It’s certainly been a challenge to try to create a medium between [usability and functionality].
There are many advanced features and functionality we have been asked to add to Visme; but at end of day we have to keep a fine balance between ease-of-use and power/functionality. We try to focus more on user experience; that does not mean we don’t try to integrate more functionality; it just means we always ask “How can we add this feature without complicating the experience for the user?” If we can’t , then it gets scrapped for a future consideration or perhaps never.
Here’s where they tell the big boys apart – Visme is more than simple graphics creation. I would in fact call it a marketing tool, since from creation to marketing to data collation, it’s all in one. Once you’ve created that beautiful visual, Visme allows you to track its performance as well.
You can see how effective the visual has been in engaging your audience, for example, looking at how many people are viewing each one.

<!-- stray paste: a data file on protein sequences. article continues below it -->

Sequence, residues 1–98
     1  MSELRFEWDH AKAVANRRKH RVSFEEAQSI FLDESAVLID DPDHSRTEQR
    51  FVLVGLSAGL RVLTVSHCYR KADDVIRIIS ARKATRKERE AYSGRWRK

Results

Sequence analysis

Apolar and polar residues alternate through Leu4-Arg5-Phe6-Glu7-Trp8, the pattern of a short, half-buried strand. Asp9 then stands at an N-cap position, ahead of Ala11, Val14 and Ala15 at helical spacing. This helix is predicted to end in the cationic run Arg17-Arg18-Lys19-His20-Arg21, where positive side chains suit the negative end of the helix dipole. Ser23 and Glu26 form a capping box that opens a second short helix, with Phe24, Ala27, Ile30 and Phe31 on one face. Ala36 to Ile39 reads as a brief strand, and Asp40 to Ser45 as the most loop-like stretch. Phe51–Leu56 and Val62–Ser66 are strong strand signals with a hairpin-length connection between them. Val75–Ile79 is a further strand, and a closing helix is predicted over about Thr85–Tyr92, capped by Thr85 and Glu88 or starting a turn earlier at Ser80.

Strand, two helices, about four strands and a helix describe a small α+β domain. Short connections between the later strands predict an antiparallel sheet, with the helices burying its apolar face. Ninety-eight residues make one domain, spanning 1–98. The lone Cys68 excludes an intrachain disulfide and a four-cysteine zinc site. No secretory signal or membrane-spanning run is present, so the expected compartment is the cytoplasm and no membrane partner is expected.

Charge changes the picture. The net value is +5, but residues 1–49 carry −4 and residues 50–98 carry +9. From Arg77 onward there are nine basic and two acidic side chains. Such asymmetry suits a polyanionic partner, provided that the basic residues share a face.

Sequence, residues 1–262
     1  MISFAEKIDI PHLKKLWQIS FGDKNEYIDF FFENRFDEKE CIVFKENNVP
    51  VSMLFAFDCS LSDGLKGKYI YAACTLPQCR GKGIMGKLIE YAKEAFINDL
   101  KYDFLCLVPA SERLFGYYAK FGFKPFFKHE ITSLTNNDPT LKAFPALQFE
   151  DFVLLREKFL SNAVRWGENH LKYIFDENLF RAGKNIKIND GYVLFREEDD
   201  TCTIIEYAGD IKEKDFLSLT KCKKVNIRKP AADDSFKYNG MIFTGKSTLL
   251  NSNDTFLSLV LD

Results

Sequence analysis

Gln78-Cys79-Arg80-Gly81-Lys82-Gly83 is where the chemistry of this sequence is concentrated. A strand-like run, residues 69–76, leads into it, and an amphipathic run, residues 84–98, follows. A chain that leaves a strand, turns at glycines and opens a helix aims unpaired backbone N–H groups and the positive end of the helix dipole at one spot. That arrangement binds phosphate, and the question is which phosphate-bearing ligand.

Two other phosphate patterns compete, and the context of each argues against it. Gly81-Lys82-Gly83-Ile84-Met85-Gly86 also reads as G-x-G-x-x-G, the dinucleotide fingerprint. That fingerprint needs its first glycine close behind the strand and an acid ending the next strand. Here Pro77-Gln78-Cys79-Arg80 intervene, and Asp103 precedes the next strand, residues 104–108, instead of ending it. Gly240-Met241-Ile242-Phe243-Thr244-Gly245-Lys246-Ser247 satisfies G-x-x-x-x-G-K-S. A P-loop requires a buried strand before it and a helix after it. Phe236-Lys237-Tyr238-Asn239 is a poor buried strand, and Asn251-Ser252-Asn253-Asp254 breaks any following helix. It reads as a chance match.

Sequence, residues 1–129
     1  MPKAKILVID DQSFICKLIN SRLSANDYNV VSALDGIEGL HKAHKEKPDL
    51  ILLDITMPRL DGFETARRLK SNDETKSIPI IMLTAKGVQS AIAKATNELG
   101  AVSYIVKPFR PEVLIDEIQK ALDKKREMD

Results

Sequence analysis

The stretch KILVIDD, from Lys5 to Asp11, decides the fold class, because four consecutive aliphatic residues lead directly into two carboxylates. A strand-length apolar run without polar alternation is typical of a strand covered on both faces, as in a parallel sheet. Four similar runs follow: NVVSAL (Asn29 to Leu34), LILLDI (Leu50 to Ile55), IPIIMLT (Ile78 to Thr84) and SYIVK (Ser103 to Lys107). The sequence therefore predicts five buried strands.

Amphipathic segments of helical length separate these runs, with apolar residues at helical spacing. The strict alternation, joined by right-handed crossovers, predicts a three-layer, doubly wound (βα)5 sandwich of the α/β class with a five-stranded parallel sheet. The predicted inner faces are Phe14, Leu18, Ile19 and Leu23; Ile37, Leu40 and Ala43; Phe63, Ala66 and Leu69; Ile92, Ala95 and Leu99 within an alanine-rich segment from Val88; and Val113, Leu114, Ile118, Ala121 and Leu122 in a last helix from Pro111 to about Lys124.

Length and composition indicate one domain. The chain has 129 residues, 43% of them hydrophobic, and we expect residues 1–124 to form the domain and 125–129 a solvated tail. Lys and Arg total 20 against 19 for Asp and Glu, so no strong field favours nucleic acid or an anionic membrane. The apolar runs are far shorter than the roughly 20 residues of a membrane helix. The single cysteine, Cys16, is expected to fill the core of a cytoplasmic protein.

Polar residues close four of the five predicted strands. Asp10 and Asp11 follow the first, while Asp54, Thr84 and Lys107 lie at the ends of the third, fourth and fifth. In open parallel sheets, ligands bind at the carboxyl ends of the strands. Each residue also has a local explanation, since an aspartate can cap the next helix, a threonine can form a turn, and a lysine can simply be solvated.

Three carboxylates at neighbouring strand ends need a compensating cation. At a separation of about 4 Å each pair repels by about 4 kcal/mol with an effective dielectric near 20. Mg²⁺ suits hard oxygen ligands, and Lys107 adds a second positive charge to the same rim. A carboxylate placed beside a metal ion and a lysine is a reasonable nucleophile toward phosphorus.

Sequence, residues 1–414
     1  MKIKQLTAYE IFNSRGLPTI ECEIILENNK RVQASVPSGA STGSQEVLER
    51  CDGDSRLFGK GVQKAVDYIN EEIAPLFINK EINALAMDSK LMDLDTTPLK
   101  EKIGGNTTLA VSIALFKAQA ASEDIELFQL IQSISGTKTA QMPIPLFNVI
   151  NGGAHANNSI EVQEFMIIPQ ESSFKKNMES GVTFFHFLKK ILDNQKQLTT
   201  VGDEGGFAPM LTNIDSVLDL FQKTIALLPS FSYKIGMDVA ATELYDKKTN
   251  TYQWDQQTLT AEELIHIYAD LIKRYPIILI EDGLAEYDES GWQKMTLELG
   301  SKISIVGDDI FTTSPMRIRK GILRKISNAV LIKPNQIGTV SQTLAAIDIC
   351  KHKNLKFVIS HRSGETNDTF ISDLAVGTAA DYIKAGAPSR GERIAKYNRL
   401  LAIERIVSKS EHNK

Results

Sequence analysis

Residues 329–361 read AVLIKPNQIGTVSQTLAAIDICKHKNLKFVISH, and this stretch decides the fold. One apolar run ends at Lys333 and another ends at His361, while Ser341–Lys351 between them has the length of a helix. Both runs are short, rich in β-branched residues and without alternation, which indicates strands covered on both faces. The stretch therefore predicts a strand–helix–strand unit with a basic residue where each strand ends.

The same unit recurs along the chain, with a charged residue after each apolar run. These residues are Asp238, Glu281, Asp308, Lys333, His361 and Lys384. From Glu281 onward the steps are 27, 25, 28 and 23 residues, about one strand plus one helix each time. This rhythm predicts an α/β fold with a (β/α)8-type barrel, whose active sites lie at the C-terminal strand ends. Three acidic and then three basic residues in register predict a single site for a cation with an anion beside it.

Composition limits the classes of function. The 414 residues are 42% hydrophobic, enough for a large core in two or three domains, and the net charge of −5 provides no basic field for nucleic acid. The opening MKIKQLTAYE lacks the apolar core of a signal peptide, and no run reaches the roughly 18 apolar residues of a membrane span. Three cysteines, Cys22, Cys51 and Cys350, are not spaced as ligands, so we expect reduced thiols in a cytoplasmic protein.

Users feedback on Visme
A2 #wvedchat I used Visme for students creating Vimeos and you definitely must try it! Elizabeth Louise Cobb@graham_ecobb
Having said all these wonderful things about it, I’m sure you must be wondering if there’s a catch. Unfortunately, there is. Visme suffers from some odd quirks here and there, such as guidelines behaving a little erratically when moving your building blocks.
Some labels are misleading, such as the one on Reports & eBooks, since that segment only contains templates for surveys and charts.
However, I’m inclined to think that these are a small price to pay for a well-priced tool that offers a critical function for many small businesses. The ability to track user engagement on your visual content is invaluable and if all it costs you is say $10 a month, that’s money well spent.
Timothy Shim is a writer, editor, and tech geek. Starting his career in the field of Information Technology, he rapidly found his way into print and has since worked with International, regional and domestic media titles including ComputerWorld, PC.com, Business Today, and The Asian Banker. His expertise lies in the field of technology from both consumer as well as enterprise points of view.